Devereaux, Hammonds spark O's power show 2 HRs account for 5 RBI in 9-6 win over White Sox

July 04, 1993|By Jim Henneman | Jim Henneman,Staff Writer

CHICAGO -- The fireworks started long before the post-game show at Comiskey Park last night.

Four home runs were hit in the first two innings, two by each team, but the ones by the Orioles carried the most weight and helped produce a 9-6 win over the Chicago White Sox.

Long before the crowd of 41,972, lured by the attraction of a pre-Fourth of July fireworks bash, had a chance to get settled, the scoreboard lit up like a firecracker. Mike Devereaux hit a two-run homer in the first inning and Jeffrey Hammonds added a three-run shot in the second for the Orioles. That was enough to offset a bases-empty shot by Frank Thomas in the first and a three-run homer by Tim Raines in the second for the White Sox.

Before the night was over, the Orioles found out they also made noise in the American League East standings. The victory, their 22nd in 29 games starting June 2, moved the Orioles within a game of the third-place Detroit Tigers, 2 1/2 of the second-place New York Yankees and 4 1/2 of the division-leading Toronto Blue Jays, all of whom lost yesterday.

Neither starting pitcher, Rick Sutcliffe for the Orioles, Jason Bere for the White Sox, was around long enough to work up a good sweat, even on a hot summer evening. Looking for his ninth win, Sutcliffe was unable to get out of the fourth inning -- and that was twice as long as Bere (3-3) lasted.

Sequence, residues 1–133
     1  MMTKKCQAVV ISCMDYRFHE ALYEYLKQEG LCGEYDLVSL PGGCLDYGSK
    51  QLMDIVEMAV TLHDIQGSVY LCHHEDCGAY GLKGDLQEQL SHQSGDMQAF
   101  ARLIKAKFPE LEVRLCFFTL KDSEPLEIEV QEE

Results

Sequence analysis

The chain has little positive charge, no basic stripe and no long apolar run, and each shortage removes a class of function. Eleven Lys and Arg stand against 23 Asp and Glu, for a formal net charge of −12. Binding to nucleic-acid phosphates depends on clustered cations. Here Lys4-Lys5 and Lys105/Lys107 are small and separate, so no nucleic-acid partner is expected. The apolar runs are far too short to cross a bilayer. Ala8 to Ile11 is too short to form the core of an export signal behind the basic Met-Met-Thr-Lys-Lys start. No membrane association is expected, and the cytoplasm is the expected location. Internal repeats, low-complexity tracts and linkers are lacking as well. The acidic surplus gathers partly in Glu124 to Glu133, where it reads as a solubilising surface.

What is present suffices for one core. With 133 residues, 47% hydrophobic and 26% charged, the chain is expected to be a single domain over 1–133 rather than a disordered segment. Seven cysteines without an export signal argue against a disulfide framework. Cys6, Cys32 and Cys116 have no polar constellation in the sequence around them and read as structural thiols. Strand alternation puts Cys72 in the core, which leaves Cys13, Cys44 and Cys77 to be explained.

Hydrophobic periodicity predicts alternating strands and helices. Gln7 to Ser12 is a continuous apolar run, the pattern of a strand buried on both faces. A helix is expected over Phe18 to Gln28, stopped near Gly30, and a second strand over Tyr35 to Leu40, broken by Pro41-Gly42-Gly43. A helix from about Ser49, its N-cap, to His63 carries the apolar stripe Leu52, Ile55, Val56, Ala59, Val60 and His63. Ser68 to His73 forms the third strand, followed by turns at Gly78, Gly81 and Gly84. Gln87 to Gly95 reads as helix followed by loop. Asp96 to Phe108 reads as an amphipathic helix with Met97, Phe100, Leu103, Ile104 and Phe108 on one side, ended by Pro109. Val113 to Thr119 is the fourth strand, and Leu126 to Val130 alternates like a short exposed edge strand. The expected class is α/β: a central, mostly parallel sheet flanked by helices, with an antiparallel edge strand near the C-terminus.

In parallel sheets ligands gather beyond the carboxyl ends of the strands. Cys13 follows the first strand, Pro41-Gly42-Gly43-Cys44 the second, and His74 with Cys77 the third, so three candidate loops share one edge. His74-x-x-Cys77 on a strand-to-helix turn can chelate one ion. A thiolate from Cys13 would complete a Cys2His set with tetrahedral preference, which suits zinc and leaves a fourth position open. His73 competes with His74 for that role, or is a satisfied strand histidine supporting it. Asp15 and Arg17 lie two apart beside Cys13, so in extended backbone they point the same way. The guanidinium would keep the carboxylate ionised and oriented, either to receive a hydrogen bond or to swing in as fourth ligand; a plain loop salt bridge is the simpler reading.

"As far as velocity and arm speed are concerned, everything is fine," said Sutcliffe. "I'm just throwing too many high fastballs."

Manager Johnny Oates wasn't sure what Sutcliffe's problems were, but he didn't waste time turning to a bullpen committee to finish the job. "I didn't like what I saw," Oates said of Sutcliffe's performance.

Mark Williamson, who got Thomas to ground into a double play to escape a dangerous situation in the fourth inning, emerged with the win. Gregg Olson pitched a perfect ninth inning to record his 13th straight save and 23rd of the year.

Williamson (5-1) gave up two runs and four hits in 3 2/3 innings, but it was the Thomas at-bat that kept the Orioles out of trouble. "When Johnny [Oates] gave me the ball, he said, 'It looks like he wants the ball out over the plate, so let's try it another way,' " said Williamson.

"I threw him a changeup for a strike, and when Chris [Hoiles, catcher] called for another one, I thought, 'Just get this one lower.' I did, and he [Thomas] got out in front and rolled [his hands] over it."

That may have been the most significant play of the night for the Orioles, but there were plenty of others worth recounting.

It quickly became obvious that neither Bere nor Sutcliffe was destined for a long workout. A walk to Harold Reynolds and two passed balls on high pitches that catcher Mike LaValliere couldn't handle put Bere in an immediate hole.